Buzzards Bay

Cuttyhunk

Visiting Cuttyhunk presents the classic paradox of travel to all remote and uncommercial places: how to appreciate them without undermining the very qualities you came to admire.

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Fairhaven

Fairhaven has at least two distinct faces, each of which contributes to its appeal as a cruising destination.

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Hadley Harbor

This perfect little gem of a harbor sits near the Buzzards Bay entrance to Woods Hole – at the nautical crossroads of southern New England.

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Marion

Marion offers a lovely, well-protected harbor and streets that are uniquely attractive among Massachusetts’ old coastal towns.

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Onset

The channel into Onset doesn’t feel as tight as the chart suggests, though, and at the end is a quiet, Victorian-inflected seaside resort.

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Padanaram

The harbor’s size, its quick access to Buzzards Bay, and the century-old tradition of the New Bedford Yacht Club station have made it a popular destination since yachting took hold here at the end of the 19th century.

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Quicks Hole

For a cruising sailor, Quicks is rarely on the way to anyplace except Menemsha, but it is a lovely and remote little stretch of water.

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Quissett

This legacy of slow development, punctuated by a significant grant of open space, leaves Quissett’s waterfront pleasantly sparse and unhurried.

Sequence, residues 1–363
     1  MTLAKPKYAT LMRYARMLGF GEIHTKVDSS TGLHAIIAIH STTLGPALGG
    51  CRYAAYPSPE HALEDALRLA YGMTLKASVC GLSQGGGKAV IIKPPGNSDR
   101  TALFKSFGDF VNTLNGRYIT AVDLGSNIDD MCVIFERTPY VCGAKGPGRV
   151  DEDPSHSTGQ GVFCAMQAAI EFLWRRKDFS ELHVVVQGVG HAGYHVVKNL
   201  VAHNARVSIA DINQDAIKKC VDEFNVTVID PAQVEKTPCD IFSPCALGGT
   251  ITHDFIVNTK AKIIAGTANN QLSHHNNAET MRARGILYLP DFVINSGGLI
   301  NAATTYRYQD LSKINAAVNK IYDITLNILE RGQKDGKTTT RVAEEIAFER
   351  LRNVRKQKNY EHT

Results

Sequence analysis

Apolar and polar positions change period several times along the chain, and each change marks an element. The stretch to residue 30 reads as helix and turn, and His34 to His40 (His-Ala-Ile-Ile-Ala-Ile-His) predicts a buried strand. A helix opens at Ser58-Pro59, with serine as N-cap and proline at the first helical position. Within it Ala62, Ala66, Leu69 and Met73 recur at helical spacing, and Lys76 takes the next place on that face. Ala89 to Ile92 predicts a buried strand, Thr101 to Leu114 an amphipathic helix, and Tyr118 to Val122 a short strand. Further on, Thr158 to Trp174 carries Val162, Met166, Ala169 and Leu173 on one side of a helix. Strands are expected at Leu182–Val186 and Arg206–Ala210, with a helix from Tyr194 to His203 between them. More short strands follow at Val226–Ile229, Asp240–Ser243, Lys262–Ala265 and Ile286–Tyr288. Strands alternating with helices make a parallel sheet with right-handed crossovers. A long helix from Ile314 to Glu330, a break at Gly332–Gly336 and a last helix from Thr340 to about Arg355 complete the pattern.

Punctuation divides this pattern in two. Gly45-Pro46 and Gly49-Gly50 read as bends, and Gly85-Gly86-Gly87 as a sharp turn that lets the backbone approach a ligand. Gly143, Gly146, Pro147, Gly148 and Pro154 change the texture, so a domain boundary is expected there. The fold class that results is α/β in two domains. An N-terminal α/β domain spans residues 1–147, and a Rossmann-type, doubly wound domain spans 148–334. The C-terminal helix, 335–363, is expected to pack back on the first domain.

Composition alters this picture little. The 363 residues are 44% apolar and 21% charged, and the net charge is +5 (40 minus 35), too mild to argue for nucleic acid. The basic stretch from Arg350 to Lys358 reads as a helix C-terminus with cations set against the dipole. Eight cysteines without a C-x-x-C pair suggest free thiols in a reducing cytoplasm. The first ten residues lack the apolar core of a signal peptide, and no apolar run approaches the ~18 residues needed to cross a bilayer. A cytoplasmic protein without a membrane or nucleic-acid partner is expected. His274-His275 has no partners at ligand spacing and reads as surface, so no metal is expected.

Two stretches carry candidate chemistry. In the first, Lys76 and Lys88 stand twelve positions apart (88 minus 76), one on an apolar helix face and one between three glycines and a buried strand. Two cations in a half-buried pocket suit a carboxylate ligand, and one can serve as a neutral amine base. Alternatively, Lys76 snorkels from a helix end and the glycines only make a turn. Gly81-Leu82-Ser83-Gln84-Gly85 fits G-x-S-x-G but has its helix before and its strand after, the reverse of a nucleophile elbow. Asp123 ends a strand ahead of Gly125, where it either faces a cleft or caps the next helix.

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Red Brook

The harbor’s placid shorelines and quirky, down-the-rabbit-hole entrance make it worth a visit, especially if your schedule allows for time to get off the boat and explore the area by dinghy or on foot.

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Tarpaulin Cove

Nowadays the cove, like the rest of the island, is largely uninhabited, the lighthouse is automated and the (relatively) few boats transiting the Sound rarely need a sheltered anchorage to wait for wind or tide. Tarpaulin Cove is left mostly to daytime visitors.

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Weepecket Islands

If you’re passing by with time for lunch and a swim, or you need to get the kids ashore, stopping here can be the perfect answer.

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Woods Hole

Woods Hole is the Jekyll & Hyde of Massachusetts waterways — sometimes a placid and well-marked maritime thoroughfare, sometimes the most dramatic and dangerous mile of water on the coast.

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